By Maureen Gilmer, IU Health senior journalist, email@example.com
As an intern on the music therapy team last winter, Kalin Hagedorn had the good fortune to meet a lot of special patients at Riley Hospital for Children.
One of them was an 11-year-old girl named Lacey Miller. Lacey had been a perfectly healthy, happy child until October of last year when she began losing weight and sleeping more and more. Before a doctor was able to examine her, she collapsed at home in northern Indiana and was airlifted to Riley.
Turns out Lacey had type 1 diabetes that had not been diagnosed. Additionally, her intestines were backed up severely, leading to a necrotic bowel, characterized by cellular death due to reduced blood flow to the GI tract. It is a serious and often fatal condition. On top of that, her lungs collapsed at least twice, and she had her appendix and 75 percent of her intestines removed. She also had issues with her gall bladder, liver and kidneys while hospitalized.
Lacey spent two months hospitalized at Riley, and that’s where she and Hagedorn connected over the healing power of music. The two saw each other during Lacey’s stays in the PICU, on the eighth floor and on the rehab unit.
“The first time I met her in the PICU she was very quiet. But in time she came out of her shell and became more bubbly,” Hagedorn said. “She has a really good sense of humor. I saw her step into more of herself.”
Hagedorn accepted a full-time job with Riley as a music therapist in June, and despite the changes that COVID has brought, she continues to work her musical magic with patients. As Riley’s music therapy program celebrates its 20th anniversary this month, we want to share the work that our therapists do to help kids like Lacey every day.
Funded by the Riley Cheer Guild, music therapy may include singing, writing songs, playing instruments, creating music videos and recordings and moving to music.
Its benefits include: pain management; reducing stress, anxiety and depression; supporting physical, cognitive and speech rehab; providing infant stimulation; offering family support; and helping patients cope with hospitalization.
Lacey got all that and more during her time at Riley, according to her parents, Felicia and Dereck.
“With everything Lacey went through, there were so many good people who helped keep her spirits up,” Dereck said. “Kalin was one of them. That was a long few months for all of us. We’re in a really good place now, and they were part of what kept us going in the right direction.”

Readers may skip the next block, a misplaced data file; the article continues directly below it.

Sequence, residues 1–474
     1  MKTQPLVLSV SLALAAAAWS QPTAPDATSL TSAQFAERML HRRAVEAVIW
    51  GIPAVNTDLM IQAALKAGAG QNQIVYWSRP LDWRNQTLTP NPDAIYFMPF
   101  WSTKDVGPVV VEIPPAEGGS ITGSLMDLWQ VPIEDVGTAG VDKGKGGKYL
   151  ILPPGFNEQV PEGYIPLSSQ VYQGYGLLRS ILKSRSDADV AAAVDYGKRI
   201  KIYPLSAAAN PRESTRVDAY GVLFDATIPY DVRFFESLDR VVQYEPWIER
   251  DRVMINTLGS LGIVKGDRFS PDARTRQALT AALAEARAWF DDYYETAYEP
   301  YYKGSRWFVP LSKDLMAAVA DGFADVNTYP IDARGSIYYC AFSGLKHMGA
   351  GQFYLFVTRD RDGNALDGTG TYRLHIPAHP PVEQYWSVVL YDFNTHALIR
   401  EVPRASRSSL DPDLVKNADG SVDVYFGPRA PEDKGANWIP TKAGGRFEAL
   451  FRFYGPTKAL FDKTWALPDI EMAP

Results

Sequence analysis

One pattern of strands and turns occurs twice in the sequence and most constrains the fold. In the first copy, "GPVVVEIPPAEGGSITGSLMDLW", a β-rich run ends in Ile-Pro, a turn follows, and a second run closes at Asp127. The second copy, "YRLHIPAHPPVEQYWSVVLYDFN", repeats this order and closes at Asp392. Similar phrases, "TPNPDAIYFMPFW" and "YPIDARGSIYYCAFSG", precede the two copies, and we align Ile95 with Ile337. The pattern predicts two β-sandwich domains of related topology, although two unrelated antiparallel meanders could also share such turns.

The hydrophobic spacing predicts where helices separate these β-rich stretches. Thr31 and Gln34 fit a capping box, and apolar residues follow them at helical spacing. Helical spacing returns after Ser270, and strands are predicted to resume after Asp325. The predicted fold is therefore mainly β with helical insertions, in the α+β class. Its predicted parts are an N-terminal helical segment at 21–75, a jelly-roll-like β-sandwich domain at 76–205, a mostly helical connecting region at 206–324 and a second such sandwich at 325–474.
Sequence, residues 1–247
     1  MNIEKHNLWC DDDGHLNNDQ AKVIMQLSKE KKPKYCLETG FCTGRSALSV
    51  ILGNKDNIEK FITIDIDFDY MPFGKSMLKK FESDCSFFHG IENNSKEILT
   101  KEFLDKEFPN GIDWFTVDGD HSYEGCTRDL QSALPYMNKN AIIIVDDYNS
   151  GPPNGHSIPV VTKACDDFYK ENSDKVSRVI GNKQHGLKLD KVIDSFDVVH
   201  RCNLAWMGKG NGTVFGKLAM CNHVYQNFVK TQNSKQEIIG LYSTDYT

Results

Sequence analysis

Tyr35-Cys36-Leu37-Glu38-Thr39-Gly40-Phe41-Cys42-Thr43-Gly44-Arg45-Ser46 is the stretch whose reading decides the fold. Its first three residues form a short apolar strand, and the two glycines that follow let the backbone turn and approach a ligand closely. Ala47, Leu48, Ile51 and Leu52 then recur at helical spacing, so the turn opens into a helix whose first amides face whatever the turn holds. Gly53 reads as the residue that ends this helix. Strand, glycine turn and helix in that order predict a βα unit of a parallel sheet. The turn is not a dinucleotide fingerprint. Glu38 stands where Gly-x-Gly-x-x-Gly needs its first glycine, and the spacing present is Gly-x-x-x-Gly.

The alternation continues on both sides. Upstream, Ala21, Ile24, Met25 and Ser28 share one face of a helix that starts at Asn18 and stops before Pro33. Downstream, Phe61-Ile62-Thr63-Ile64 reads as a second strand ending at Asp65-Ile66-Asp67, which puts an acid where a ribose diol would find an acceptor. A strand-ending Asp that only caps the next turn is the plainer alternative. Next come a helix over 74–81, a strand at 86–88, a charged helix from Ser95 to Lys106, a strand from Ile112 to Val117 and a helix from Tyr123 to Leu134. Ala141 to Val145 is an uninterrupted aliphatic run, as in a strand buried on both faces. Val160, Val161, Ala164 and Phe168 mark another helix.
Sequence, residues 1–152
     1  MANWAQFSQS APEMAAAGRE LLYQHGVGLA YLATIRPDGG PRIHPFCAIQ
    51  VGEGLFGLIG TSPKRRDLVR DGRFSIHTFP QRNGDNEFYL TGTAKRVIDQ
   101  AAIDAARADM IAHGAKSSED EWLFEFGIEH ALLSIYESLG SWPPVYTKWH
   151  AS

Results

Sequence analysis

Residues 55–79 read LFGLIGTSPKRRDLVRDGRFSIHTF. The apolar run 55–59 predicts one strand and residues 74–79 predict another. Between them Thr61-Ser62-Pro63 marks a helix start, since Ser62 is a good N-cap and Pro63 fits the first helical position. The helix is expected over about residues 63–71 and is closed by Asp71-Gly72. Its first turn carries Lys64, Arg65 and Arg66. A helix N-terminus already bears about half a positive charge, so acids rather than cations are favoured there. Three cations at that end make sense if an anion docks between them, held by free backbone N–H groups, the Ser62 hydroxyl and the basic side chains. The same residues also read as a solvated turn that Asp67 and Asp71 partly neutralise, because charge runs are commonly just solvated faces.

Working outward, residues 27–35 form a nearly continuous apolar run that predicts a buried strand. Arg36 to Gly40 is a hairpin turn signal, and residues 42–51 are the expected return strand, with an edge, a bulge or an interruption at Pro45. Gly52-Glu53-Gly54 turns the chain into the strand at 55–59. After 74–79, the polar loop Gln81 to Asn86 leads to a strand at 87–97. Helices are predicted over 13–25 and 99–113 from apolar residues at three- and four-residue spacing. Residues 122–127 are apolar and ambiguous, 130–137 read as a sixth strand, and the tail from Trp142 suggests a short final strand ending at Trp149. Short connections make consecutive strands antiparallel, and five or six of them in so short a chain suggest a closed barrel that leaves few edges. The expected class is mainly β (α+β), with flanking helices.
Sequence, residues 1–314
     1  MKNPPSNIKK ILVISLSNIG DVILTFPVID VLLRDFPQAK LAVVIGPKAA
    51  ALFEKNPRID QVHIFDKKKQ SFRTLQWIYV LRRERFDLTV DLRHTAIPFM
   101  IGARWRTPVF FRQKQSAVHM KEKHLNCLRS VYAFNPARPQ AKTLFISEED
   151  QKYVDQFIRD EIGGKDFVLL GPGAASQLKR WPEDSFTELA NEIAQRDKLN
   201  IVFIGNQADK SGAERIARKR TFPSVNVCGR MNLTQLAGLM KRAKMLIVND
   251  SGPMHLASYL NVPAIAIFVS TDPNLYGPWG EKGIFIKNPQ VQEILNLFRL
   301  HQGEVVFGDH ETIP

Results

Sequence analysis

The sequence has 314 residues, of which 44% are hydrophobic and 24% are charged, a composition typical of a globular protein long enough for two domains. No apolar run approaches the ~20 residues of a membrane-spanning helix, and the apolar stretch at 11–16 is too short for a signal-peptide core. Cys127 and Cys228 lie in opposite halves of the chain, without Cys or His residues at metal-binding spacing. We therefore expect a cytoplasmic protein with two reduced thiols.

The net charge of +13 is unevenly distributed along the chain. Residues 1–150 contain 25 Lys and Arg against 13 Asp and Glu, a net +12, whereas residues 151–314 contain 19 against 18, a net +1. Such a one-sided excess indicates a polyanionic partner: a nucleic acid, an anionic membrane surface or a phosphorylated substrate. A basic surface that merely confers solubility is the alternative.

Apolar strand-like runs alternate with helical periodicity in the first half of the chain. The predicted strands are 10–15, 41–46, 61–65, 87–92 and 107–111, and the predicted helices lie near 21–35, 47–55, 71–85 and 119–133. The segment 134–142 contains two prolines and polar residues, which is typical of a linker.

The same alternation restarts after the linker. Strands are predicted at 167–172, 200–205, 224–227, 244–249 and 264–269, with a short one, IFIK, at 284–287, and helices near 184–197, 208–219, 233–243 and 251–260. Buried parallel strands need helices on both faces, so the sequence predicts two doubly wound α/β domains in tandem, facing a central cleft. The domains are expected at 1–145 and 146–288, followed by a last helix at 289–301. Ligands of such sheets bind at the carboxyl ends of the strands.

The Millers are back home in northern Indiana, where Lacey, now 12, is continuing her e-learning as a seventh-grader. She was just fitted with an insulin pump and has a colostomy bag, but neither slows her down.
“She keeps very positive, very upbeat,” Felicia said of her daughter. “She has been such a trouper through this whole thing. She takes it better than I do.”
Lacey picked up her sense of humor and her taste in music from her dad, so she often worked on songs from the 1970s and 1980s with the music therapy team. She wasn’t keen on singing, Hagedorn said, but the music soothed her all the same.
“One of my favorite sessions was when Lacey brought in a song she used to perform to in winter guard in school,” Hagedorn recalled. “I learned that song (“Gold”) and played it with her. That was special to her. It was a really sweet moment.”
Lacey hopes to return to school and activities like winter guard someday, but for now, she is content to be home, surrounded by her family, her four cats and all the things she loves.
Hagedorn said her young patient was lucky to have such strong family support while in the hospital and at home. It was key to her mental and physical health.
Music was also key.
“I love that music has the ability to reach everybody in some form, in some way,” Hagedorn said. “We all have such different backgrounds and tastes in music, but we can relate and we can be moved by it, and I just think that is so beautiful.”
Photos submitted and by Mike Dickbernd, IU Health visual journalist, firstname.lastname@example.org